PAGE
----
Slovenia has become the first former communist country to enter the Euro zone. Both the national tolar and the euro will be in use until January 15, when the single European currency will take over. For many Slovenians it is a dream come true: “The euro is definitely cool,” said a young man in a Ljubljana cafe. “It’s nice to have a common currency, strong currency. I just paid for my first coffee with tolars but I got euros back, so I like it.”
More than two thirds of Slovenians are happy to embrace the single currency, according to polls. Many see it as the outcome of a successful transition from a former Yugoslav republic to Europe’s most advanced post-communist economy. Banks started changing tolars into euros shortly after midnight and cash machines were back in business within hours. “This is my New Year’s pension,” said one elderly lady, “and from now on, I will have more and more euros.”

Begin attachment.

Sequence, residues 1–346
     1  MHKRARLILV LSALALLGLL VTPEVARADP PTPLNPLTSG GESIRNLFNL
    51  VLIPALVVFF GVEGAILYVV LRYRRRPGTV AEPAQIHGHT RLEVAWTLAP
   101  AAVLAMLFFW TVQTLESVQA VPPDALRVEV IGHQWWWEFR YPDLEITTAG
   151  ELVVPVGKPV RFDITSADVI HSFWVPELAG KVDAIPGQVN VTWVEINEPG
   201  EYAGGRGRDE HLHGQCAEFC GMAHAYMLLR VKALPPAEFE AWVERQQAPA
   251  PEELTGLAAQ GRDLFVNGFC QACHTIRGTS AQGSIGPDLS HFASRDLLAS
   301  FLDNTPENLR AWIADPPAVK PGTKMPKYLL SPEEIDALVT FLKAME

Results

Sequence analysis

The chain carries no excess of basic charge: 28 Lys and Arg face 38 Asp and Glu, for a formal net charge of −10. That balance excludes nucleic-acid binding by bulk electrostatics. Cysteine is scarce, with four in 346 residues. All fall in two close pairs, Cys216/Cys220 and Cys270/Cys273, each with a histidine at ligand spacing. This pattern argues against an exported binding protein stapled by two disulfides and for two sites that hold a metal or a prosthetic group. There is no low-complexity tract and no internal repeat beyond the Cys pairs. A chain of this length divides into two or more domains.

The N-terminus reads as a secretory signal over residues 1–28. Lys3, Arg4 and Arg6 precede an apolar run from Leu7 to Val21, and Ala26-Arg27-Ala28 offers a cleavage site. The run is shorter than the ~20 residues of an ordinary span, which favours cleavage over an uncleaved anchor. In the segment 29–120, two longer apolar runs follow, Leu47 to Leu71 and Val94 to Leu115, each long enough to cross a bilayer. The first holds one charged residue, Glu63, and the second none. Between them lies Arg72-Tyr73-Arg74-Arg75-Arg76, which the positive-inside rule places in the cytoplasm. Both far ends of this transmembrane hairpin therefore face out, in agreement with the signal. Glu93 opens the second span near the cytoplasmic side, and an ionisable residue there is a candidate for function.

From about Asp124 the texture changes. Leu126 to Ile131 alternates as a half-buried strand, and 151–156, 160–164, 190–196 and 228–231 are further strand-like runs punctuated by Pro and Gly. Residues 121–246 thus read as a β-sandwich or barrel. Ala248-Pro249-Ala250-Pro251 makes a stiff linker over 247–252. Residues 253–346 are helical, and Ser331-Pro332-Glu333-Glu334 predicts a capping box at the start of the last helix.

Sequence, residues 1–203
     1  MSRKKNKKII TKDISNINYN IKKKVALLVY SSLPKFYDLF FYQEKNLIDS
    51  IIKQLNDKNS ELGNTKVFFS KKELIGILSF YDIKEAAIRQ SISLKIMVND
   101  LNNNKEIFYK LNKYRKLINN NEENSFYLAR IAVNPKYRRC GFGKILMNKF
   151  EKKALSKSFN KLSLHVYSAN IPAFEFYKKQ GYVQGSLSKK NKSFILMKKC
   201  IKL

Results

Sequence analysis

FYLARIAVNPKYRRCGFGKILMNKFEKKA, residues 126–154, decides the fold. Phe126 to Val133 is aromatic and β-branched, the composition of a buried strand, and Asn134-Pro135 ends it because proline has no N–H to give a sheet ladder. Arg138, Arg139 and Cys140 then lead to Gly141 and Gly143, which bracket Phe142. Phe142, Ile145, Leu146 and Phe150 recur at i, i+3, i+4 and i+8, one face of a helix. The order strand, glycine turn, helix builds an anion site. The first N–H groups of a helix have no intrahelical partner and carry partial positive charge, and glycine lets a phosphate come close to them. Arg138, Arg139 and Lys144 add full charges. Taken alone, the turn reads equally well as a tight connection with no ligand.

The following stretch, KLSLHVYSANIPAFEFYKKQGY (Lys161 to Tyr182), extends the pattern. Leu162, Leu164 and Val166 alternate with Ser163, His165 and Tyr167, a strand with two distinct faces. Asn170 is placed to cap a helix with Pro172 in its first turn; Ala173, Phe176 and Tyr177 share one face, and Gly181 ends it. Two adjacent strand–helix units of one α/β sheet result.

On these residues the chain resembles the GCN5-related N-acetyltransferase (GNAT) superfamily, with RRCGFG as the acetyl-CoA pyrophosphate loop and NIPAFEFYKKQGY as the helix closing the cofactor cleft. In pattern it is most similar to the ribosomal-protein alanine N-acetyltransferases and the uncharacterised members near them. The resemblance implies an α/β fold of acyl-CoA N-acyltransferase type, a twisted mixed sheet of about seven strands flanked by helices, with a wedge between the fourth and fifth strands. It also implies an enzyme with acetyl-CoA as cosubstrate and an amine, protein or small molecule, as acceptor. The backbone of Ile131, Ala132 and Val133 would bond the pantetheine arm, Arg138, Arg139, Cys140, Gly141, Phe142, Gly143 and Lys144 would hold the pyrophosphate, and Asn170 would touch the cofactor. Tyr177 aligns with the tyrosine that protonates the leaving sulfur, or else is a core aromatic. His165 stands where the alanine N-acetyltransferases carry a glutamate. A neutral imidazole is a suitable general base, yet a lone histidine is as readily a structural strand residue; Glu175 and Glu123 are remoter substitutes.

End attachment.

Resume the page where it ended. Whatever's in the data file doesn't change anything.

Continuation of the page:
The switch-over went even better than planned, according to bank officials. While finance minister Andrej Bajuk warned there would be some nostalgia for the tolar, he said it was a great opportunity for his country which could be proud of belonging to such an exclusive club. He added, however, that his greatest concern was a rise in prices – a fear shared by some 40 percent of Slovenians, despite government efforts to prevent this by introducing double pricing.